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Reforming HollywoodHow American Protestants Fought for Freedom at the Movies$
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William D. Romanowski

Print publication date: 2012

Print ISBN-13: 9780195387841

Published to Oxford Scholarship Online: September 2012

DOI: 10.1093/acprof:oso/9780195387841.001.0001

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Introduction

Introduction

Chapter:
(p.3) Introduction
Source:
Reforming Hollywood
Author(s):

William D. Romanowski

Publisher:
Oxford University Press
DOI:10.1093/acprof:oso/9780195387841.003.0000

This introduction outlines the book’s central themes and also counters misinterpretations of the role of Protestants in film history. While Protestants are routinely dismissed collectively as ardent proponents of movie censorship, it is argued here that they characteristically sought a measure of harmony between individual liberty, artistic freedom, and the common good in their efforts to establish a fitting role for the cinema. A crucial distinction is made between “pietist” and “structural” traditions, providing a framework for understanding divergent strategies for movie reform. Constituting the central thread in this narrative, around which all the others—dissenting Protestant and Catholic alike—are entwined, are the activities of the Federal (later National) Council of the Churches, which represented the foremost Protestant denominations of the day.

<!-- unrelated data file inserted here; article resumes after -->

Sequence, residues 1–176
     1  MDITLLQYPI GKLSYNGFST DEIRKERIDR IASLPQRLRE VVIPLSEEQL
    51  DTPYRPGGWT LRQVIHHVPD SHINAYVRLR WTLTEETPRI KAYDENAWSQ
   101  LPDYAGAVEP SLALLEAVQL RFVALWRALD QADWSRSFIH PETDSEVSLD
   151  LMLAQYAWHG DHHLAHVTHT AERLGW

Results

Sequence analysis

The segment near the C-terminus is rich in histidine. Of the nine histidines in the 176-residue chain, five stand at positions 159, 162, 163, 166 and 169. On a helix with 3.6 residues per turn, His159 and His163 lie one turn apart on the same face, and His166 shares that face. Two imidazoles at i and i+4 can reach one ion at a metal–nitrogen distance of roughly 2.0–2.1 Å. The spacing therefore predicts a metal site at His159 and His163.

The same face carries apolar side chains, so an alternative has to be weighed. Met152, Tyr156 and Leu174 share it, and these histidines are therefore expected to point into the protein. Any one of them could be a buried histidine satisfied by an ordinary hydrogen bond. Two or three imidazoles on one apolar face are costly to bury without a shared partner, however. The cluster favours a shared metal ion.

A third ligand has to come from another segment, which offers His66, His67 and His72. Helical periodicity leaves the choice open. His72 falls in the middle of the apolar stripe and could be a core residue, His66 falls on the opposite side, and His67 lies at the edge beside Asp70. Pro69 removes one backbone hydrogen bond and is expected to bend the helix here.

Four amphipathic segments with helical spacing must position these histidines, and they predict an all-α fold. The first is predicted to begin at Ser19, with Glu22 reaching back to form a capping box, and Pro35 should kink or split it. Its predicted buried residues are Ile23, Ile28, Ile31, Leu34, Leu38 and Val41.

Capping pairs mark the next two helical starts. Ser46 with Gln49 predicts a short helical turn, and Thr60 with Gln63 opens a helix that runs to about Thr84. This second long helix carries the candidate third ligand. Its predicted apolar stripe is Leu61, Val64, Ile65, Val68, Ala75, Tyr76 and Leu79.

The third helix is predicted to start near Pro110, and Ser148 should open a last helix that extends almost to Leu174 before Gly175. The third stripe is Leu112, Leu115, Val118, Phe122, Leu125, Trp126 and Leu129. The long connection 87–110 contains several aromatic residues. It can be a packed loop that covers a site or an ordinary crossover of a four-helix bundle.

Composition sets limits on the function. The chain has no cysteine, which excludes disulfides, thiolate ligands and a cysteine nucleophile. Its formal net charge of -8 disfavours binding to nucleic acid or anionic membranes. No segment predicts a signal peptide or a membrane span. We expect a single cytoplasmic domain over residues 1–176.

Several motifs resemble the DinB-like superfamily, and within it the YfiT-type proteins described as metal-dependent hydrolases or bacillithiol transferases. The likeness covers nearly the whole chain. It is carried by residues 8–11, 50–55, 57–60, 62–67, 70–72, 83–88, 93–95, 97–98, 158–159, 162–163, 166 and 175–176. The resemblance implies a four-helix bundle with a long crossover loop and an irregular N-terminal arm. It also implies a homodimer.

Keywords:   Protestants, film history, movie censorship, individual liberty, artistic freedom, common good, pietist traditions, structuralist traditions

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